Adoption Photolistings of Children – Not in a Child’s Best Interests

On my computer screen is a picture of a girl, “Pretty and vivacious”. Another girl is described as “very glamorous”. On another page an African American girl is listed as “currently in therapy” and “developmentally delayed”. A boy is described as “on medication to assist him with symptoms of ADHD.” and “does not have contact with any of his family members.” One girl “is very sensitive, can misread social cues and often believes people are making fun of her”. A girl “occasionally exhibits disruptive behavior”. A boy of 16 is described as an “attractive little boy”.

All of the pictures have the child’s first name included. Is this a fraternity boy’s prank? Who would put pictures of children on the web with their names and such descriptions?

The website is one of many on the internet advertising children. Near the listings of older children are listings of couples, singles and gay people who “look forward to expanding our family and cherishing the addition of a new baby”. None of the prospective adopters’ ads says “occasionally exhibits disruptive behavior” or “can misread social cues”, although surely it happens. Even listing their ads seeking an infant shows great insensitivity toward children who have been advertised as available for years.

“This is such an invasion into these kids lives, exposing to the entire world that they are an orphan or making it out that they haven’t got parents that love them.” emailed one woman who had been in an orphanage as a child. “And with these girls it looks like they are advertising their sexuality. It could cause some pedophile creep to come forward and adopt these young girls.”

“If it gets children adopted, it’s worth it.” I’m told by a woman at one agency. I imagine her picture on the web with a description like this: Helga, age 22 “Sometimes insensitive, slightly challenged, needs help to learn to consider others feelings.”

One more click and I find myself at the Rodent Adoption Listing website which displays a picture of a 12 month old Champagne Hood and a 6 month old Mink. “These two girls are very sweet, friendly, active and extremely outgoing.”

Several websites caution people not to say children are “put up” for adoption because it brings to mind the time when children were literally placed on raised platform at a public meeting like so much meat. Isn’t the adoption photo listing just as humiliating? Even the rodents get a nicer advertisement than the kids.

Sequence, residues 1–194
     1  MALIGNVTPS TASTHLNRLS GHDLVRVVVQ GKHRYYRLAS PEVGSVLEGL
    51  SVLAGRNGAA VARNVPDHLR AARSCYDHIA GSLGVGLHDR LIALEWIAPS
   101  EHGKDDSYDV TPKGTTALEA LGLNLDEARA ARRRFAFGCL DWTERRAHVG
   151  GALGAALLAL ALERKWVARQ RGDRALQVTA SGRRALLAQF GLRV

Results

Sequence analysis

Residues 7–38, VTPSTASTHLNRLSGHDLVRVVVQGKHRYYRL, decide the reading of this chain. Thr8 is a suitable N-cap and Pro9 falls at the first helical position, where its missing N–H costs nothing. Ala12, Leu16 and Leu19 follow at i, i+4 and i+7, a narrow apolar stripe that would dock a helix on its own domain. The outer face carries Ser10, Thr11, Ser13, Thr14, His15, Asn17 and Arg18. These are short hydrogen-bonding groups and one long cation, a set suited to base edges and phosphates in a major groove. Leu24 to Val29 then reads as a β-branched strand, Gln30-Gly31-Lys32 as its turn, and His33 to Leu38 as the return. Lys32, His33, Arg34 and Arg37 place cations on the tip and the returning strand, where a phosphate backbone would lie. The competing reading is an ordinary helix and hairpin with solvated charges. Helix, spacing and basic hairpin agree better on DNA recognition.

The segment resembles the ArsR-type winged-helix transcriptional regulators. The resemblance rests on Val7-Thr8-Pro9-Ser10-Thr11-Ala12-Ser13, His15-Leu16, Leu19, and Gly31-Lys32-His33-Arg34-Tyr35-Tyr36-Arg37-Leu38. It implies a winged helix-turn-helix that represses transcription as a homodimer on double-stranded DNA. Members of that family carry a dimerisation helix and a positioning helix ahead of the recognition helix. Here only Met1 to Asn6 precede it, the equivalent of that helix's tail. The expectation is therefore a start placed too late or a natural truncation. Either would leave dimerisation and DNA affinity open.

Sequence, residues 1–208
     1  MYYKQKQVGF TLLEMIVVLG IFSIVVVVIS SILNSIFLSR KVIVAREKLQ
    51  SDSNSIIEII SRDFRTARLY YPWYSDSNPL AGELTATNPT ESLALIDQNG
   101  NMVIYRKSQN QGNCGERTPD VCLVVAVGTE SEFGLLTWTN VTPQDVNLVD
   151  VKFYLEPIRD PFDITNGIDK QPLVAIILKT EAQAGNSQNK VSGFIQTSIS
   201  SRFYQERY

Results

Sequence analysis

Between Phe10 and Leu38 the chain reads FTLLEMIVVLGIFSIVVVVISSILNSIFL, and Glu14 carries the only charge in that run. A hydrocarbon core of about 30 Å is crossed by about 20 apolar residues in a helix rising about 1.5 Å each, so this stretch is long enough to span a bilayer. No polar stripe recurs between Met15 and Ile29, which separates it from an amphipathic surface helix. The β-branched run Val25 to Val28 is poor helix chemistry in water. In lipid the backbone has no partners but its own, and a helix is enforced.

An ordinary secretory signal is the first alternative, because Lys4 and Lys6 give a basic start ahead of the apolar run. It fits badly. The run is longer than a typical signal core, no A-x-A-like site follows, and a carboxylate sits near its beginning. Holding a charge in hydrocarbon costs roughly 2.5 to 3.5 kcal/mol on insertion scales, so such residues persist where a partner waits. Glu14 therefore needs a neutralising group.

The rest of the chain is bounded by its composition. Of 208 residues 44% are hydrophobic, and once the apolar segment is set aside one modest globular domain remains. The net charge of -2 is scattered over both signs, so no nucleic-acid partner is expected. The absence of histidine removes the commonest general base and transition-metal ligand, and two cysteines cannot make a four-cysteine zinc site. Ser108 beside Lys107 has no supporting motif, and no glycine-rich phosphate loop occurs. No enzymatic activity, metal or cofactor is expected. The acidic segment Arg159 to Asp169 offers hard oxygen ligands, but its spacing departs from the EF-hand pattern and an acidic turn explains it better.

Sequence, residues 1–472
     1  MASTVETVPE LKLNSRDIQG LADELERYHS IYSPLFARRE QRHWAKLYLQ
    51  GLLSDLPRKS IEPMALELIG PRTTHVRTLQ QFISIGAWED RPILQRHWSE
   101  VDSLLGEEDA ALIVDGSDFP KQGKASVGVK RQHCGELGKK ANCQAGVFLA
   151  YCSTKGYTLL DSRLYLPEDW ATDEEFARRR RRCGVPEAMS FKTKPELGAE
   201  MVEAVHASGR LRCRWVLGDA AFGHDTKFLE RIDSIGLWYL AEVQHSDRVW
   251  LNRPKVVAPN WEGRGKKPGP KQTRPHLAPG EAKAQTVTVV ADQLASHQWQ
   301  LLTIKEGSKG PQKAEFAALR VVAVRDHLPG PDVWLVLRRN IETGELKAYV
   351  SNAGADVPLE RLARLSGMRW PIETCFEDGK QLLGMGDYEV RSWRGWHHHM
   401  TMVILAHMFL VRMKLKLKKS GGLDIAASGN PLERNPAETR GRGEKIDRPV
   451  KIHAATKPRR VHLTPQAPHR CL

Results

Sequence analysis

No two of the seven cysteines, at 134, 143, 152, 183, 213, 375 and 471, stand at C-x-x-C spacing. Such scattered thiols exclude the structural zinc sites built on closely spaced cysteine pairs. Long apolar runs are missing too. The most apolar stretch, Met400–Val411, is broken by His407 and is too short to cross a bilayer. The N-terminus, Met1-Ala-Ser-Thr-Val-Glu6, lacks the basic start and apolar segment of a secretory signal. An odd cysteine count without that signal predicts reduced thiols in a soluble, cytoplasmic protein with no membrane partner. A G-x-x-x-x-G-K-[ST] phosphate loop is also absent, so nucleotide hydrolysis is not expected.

For additional reading:

Foster Care Adoption “Adoption and Safe Families Act” Tears Family Apart

Adoption Photolistings Pictures, photo listings of children “up for ” adoption – what’s wrong with this picture?

Adoption Agencies Transracial adoptees speaking out about Korean baby adoptions.

Question by Little Miss Fix-It: Is there a website that has pictures of children available for adoption?

Best answer:

Answer by Timid Women Rarely Make History
LOL Children aren’t dogs…. you don’t adopt someone based on what they look like… I really hope that’s not why you want pictures.

Add your own answer in the comments!

Ms. Gail Falk Seltzer, a Staff Lawyer for Field Services with the United Mine Workers of America, Work on Black Lung Benefits at the Headquarters in Charleston, West Virginia 04/1974
pictures of children for adoption
Image by The U.S. National Archives
Original Caption: Ms. Gail Falk Seltzer, a Staff Lawyer for Field Services with the United Mine Workers of America, Work on Black Lung Benefits at the Headquarters in Charleston, West Virginia. In the Foreground Is the Baby Bed Her Child Sleeps in While She Works. Ms. Seltzer Is a Yale Graduate and Contributor to the Equal Rights Amendment Being Considered for Adoption to the U.S. Constitution 04/1974

U.S. National Archives’ Local Identifier: 412-DA-13961

Photographer: Corn, Jack, 1929-

Charleston (Kanawha county, West Virginia, United States) inhabited place
Environmental Protection Agency

Persistent URL:

Repository: Still Picture Records Section, Special Media Archives Services Division (NWCS-S), National Archives at College Park, 8601 Adelphi Road, College Park, MD, 20740-6001.

For information about ordering reproductions of photographs held by the Still Picture Unit, visit:

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